Tandy, for example, was really hoping that the discovery of female survivors— including blonde temptress Melissa (January Jones, late of "Mad Men") — would enable him to cultivate a kind of harem. But that was complicated by the arrival of another, much hunkier Phil (Boris Kodjoe), not to mention Todd (Mel Rodriguez), a shy and sweet-natured man who proves more of a draw for the women.
"We could all be lying," Steenburgen, a veteran star whose resume includes "Justified" and "Orange Is the New Black," said during a break in shooting. She plays Gail, a mysterious woman who was married before the virus outbreak but whom Phil found traveling with a much younger woman, Erica (Cleopatra Coleman). "My whole backstory could be a lie."
Carol is beside herself with excitement when her secret Santa gives her the notorious green Versace dress that Jennifer Lopez wore to the Grammys in 2000. It's after the apocalypse, you see, and such objects are lying around for the taking.
Schaal says that such flights of fancy aside, "Last Man" offers a more realistic take on what life might be after the apocalypse than does, say, "Walking Dead."
"There's not a lot of opportunity to play with different quirks and stuff when you've got to survive and kill zombies," Schaal said. "This is just like taking a slice-of-life, moments in that world, and how people are going to react and how personalities are going to come through."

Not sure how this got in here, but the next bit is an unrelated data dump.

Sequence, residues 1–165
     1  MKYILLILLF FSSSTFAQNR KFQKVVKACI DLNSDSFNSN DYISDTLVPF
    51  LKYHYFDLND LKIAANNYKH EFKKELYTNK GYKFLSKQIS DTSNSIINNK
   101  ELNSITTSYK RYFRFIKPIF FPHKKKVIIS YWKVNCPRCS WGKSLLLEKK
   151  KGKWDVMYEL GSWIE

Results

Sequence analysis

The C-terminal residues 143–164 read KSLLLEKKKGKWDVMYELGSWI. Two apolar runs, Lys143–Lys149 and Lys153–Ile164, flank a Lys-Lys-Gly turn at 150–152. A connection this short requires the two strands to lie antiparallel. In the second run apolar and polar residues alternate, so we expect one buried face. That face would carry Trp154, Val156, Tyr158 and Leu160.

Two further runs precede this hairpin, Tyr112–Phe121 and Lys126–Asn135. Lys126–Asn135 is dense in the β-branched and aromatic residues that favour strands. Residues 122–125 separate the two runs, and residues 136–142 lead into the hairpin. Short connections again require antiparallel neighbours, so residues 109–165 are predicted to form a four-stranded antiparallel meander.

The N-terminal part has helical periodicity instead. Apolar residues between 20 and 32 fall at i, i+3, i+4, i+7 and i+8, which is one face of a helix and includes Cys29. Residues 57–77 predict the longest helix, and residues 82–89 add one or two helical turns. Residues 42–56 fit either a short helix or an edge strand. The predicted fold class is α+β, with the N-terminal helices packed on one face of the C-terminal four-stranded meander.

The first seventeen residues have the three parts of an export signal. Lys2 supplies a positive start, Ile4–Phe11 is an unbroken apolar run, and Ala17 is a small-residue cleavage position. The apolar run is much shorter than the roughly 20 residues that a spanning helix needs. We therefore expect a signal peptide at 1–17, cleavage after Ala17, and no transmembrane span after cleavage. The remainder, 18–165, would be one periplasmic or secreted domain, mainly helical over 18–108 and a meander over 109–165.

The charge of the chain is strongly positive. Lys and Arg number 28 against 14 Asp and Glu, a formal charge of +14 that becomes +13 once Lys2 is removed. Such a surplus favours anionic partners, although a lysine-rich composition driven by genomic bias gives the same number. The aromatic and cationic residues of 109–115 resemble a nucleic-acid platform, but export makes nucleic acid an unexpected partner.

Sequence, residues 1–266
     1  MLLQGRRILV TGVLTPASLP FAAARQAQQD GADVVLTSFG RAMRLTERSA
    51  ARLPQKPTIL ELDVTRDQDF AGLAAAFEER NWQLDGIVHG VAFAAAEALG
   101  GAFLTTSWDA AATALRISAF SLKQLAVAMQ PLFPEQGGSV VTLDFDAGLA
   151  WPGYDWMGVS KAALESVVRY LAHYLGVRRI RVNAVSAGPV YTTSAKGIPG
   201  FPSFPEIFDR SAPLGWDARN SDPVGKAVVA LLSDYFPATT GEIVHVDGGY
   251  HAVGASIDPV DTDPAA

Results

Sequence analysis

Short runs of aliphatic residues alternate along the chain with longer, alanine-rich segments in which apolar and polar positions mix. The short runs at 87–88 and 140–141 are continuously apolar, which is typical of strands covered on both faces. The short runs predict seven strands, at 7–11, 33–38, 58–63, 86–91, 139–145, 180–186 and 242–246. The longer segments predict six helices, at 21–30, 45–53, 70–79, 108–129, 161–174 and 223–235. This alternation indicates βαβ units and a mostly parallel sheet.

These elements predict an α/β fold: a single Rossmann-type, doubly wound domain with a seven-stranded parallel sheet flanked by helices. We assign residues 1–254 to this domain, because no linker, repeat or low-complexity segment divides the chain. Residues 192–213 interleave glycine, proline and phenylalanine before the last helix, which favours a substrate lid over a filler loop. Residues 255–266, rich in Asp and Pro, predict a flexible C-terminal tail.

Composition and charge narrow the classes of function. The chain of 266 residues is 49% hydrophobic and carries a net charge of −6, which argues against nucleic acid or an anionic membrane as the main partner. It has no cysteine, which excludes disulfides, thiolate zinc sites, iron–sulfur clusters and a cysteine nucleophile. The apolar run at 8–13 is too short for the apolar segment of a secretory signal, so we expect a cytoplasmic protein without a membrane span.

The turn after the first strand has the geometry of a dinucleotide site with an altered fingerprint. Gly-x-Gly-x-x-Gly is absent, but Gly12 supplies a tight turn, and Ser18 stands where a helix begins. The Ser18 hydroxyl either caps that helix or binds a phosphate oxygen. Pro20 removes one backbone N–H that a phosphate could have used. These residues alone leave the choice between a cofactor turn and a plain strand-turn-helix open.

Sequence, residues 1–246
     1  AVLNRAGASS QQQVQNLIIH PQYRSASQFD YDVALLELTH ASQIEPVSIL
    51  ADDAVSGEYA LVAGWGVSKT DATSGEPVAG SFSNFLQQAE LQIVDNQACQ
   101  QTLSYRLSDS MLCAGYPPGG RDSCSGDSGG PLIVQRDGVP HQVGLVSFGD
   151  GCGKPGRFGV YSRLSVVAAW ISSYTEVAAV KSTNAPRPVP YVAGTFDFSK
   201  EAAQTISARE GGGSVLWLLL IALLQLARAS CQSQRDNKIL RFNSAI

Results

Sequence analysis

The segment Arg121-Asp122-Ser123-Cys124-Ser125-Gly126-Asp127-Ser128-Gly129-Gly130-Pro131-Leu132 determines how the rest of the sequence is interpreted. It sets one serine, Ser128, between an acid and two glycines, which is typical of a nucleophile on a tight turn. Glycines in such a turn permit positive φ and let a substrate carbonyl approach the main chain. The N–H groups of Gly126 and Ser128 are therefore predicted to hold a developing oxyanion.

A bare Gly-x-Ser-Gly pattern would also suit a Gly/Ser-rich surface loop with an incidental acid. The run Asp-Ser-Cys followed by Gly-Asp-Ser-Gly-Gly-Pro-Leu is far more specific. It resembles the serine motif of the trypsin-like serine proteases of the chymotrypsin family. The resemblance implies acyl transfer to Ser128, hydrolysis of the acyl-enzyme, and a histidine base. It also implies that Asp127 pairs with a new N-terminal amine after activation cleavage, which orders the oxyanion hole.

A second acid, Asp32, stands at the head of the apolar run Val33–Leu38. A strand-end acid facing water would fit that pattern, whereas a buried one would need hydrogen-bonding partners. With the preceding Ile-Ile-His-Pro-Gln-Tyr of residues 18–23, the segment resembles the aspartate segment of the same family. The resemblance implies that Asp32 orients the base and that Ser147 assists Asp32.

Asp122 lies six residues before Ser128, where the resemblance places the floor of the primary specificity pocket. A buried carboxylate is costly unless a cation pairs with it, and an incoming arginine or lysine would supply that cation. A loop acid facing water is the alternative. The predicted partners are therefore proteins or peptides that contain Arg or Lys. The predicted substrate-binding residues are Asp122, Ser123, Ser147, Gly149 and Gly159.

Jones, who came from the highly scripted world of "Mad Men," appreciates the looser style of working. "I like having the freedom to do improv and the creative freedom we have with dialogue," she said during a break on set.
That loose style of humor is now helping Fox achieve a long-elusive goal: finding a live-action companion to its Sunday-night animation lineup, led by "The Simpsons."
For this season so far, "Last Man" is averaging a modest 2.9 million total viewers in same-day viewers, according to Nielsen. But that number jumps to 6.6 million over a monthlong period, which includes streaming on Hulu and the Fox Now platforms.
Fox chief Dana Walden said the show is doing a good job connecting with elusive younger viewers, especially men.
"It's been challenging over time at the Fox network to find live-action comedies that totally fit with in with our hugely successful animated shows, and 'Last Man on Earth' is a show that feels exactly right for the audience," Walden said.
She's not surprised by Forte's intensity.
"People that have worked with him on 'SNL' say this is a guy who commits. His work is really important to him, he takes it really seriously," Walden said. "He was the person on 'SNL,' if you talked to some of the writers that worked with him, that they were so happy if he ended up in one of your sketches because he would just go for it."
And that's the case on "Last Man," even if the result has had a near-apocalyptic outcome on his free time.
"I just wish that there was a lot more time to see friends and family and stuff like that," Forte said before heading back to work. "It's just — I still haven't figured out that magic formula of working and still having that time."
He sighed. "My friends and family have been very patient with me," he said.